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Political Research Quarterly

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Supreme Court Judges -- Selection and appointment -- Evaluation, Women judges


While existing literature has established that women leaders are stereotyped as more likely to uphold the norms of democracy, the power of this effect in the non-democratic context is not established. We address this gap and argue that the context of regime transition cultivates a unique dynamic in which the stereotypes associated with women justices become especially valuable to both citizens and the state. However, we argue that this perception of women contributing to the health of democracy is not constant across all citizens equally; instead, those people with high levels of hostile bias against women are more likely to view women as the potential saviors of the democracy. To test our theories, we offer original survey data from Thailand and Poland, two countries in the midst of regime transition. We find evidence that suggests that the impact of women justices on assessments of democratic health is indeed dependent on hostile bias in Thailand, but that the relationship is not found in Poland. Our results suggest that bias can sometimes operate in unexpected ways, and that scholars should consider multiple measures of different types of bias when investigating its effects on behavior.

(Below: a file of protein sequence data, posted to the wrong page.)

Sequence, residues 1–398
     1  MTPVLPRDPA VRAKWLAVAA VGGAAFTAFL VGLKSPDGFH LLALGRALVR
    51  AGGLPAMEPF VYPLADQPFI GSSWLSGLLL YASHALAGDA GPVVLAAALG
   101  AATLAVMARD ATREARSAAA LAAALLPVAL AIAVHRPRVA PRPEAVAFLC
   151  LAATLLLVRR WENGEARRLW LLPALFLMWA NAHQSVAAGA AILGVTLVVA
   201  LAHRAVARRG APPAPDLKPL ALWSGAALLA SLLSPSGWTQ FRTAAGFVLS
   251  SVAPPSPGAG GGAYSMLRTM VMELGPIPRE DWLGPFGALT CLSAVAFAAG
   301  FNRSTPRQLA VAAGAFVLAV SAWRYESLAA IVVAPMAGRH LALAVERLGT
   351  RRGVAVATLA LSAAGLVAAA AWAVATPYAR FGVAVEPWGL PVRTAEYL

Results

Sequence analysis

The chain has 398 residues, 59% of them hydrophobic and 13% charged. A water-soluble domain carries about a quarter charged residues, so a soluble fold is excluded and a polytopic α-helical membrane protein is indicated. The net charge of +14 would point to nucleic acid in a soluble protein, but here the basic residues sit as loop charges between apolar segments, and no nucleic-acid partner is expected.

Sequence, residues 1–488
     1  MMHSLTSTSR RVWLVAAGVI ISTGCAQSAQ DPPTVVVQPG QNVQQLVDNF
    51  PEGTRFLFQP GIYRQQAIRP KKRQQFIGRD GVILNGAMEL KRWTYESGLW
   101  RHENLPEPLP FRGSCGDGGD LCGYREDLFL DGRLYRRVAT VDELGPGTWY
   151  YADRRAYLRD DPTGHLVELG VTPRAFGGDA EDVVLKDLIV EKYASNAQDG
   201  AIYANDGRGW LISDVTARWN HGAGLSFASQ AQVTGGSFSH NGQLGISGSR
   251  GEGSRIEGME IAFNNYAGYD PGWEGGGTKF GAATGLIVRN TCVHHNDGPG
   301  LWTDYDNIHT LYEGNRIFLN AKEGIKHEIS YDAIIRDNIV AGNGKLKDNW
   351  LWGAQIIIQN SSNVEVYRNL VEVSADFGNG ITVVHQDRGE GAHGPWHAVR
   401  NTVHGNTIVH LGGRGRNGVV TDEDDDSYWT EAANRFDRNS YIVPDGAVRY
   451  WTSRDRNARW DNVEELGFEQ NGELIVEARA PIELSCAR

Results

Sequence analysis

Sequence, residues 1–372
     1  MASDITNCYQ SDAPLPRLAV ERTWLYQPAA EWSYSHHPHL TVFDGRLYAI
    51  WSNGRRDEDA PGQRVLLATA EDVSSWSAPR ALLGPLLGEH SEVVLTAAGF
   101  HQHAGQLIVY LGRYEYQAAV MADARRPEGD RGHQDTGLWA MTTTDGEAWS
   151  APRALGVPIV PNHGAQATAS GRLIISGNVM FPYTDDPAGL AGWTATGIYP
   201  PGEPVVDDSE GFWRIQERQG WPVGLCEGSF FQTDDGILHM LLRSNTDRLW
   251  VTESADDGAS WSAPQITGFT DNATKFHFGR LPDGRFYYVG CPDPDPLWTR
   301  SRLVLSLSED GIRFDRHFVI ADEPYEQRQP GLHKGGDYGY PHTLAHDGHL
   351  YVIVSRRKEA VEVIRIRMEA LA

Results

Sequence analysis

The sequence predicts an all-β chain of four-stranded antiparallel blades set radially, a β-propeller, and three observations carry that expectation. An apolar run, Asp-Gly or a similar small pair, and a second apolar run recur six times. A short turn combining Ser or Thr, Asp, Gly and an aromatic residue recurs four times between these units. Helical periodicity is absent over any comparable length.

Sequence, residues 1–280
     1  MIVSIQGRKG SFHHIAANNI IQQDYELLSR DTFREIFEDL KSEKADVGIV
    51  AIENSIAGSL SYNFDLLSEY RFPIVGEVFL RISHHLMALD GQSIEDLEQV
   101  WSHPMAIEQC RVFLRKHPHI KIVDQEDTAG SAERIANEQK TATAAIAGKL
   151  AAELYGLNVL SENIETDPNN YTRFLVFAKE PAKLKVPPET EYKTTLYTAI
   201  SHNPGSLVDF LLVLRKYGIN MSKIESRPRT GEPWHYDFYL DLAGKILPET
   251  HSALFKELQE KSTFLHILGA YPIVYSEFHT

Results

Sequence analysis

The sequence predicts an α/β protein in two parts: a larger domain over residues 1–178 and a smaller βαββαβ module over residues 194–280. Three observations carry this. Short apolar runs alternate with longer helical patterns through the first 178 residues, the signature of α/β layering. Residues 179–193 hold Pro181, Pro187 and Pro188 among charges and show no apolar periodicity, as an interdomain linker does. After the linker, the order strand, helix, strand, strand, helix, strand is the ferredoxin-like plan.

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This is the author’s version of a work that was accepted for publication in Political Research Quarterly. Changes resulting from the publishing process, such as peer review, editing, corrections, structural formatting, and other quality control mechanisms may not be reflected in this document. Changes may have been made to this work since it was submitted for publication. A definitive version was subsequently published in Political Research Quarterly.



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